01 June 2010

Angie Estes' poem Dark Spots

Dark Spots

In the late nineteenth century, some photographers
claimed not only to capture images
of loved ones from beyond
the grave, but to be able to photograph memories
of the deceased, their auras still glowing
around the bereaved,
as if to capture light reflected off a body could preserve
that body over time as Beatrice explains
the presence of the dark
spots on the moon to Dante in Paradiso, how
the brightness of a celestial body
reveals the angelic
gladness that quickens the body, letizia that shines as joy
shines through an eye. Visit Fort
Courage—Take Pictures
of the Past, the billboards across Arizona advised,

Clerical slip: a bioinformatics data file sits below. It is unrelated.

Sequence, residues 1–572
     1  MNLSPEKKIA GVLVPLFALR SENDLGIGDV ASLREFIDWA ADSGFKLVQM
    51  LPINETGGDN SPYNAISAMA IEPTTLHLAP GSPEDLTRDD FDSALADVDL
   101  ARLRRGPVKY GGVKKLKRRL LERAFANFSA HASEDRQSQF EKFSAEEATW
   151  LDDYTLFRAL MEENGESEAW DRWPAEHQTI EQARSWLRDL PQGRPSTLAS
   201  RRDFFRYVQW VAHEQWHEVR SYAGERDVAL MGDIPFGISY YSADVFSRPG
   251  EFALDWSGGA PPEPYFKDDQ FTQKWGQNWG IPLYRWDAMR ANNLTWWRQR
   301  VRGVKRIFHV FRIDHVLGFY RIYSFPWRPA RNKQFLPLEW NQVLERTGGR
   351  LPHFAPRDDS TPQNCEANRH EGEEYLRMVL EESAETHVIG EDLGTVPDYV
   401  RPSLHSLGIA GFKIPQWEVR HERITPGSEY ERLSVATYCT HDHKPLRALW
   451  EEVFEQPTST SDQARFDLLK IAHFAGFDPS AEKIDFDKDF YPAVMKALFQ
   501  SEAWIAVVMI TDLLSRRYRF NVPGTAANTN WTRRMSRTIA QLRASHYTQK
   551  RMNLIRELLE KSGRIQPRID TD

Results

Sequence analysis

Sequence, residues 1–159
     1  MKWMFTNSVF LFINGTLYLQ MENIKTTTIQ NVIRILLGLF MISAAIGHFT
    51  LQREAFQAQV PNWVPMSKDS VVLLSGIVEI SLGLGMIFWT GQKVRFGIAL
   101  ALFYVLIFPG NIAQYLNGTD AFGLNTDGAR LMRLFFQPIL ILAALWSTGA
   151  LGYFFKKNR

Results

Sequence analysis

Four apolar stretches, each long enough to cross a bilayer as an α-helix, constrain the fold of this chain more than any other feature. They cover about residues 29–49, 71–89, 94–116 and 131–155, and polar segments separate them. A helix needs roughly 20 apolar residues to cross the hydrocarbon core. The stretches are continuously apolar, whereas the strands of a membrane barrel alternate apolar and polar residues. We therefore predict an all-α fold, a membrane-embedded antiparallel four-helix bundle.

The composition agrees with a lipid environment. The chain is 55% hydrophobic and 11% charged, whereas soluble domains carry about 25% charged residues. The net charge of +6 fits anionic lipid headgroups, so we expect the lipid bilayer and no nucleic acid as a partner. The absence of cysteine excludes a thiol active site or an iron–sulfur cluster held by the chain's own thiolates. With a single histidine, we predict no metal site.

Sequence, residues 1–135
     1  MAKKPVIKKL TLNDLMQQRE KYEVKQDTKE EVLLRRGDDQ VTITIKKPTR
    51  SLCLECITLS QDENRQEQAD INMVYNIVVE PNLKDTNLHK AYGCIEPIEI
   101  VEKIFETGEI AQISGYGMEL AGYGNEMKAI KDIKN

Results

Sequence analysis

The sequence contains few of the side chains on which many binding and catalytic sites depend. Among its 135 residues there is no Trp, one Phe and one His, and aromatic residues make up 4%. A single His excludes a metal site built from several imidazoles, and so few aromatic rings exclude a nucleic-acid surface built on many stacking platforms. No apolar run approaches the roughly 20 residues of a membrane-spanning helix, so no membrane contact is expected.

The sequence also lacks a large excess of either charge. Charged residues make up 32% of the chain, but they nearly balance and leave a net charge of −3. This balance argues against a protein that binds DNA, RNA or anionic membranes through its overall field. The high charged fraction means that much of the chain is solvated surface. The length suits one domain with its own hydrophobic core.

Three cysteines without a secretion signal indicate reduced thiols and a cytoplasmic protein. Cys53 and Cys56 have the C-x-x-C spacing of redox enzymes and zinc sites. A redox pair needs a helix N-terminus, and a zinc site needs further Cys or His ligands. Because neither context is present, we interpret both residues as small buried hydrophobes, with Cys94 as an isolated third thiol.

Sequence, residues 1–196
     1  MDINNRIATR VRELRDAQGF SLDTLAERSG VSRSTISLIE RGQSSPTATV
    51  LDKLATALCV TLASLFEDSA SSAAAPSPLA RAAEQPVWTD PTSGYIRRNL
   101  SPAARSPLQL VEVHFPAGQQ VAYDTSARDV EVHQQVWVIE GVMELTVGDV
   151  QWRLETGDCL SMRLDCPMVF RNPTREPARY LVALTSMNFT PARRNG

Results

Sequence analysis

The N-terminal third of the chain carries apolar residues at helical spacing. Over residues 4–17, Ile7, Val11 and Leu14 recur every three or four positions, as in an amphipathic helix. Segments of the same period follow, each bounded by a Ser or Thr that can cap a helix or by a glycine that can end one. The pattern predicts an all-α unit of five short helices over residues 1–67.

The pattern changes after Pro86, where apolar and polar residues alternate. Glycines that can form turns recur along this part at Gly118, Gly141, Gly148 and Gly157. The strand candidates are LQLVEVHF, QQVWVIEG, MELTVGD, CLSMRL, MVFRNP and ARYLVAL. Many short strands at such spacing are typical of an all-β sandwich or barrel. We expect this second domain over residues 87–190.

and at the base of the mountain in
New Mexico, a note taped
to the gasoline pump read, Hold tight to your money—the wind
will carry it away.
In the snapshot of
my grandmother in her
casket, wearing the Elizabethan collar and perm'd
curls she never wore, my mother
gazes through her
to a planet she always knew existed but which, without
the darkness, she could never see
before. They call
some bruises shiners like the violet stars of the Rose of Sharon
that come out in the morning and shine
all day in their leaf-black
shade, shade carved into the yard like fish scales covering
the sarcophagus in Sant'Apollinare in
Classe near Ravenna
or the stiff, veined hands of the sycamore stretched wide
in applause, the Italian gesture
of mourning.

Poetry Daily poem of the day June 1, 2010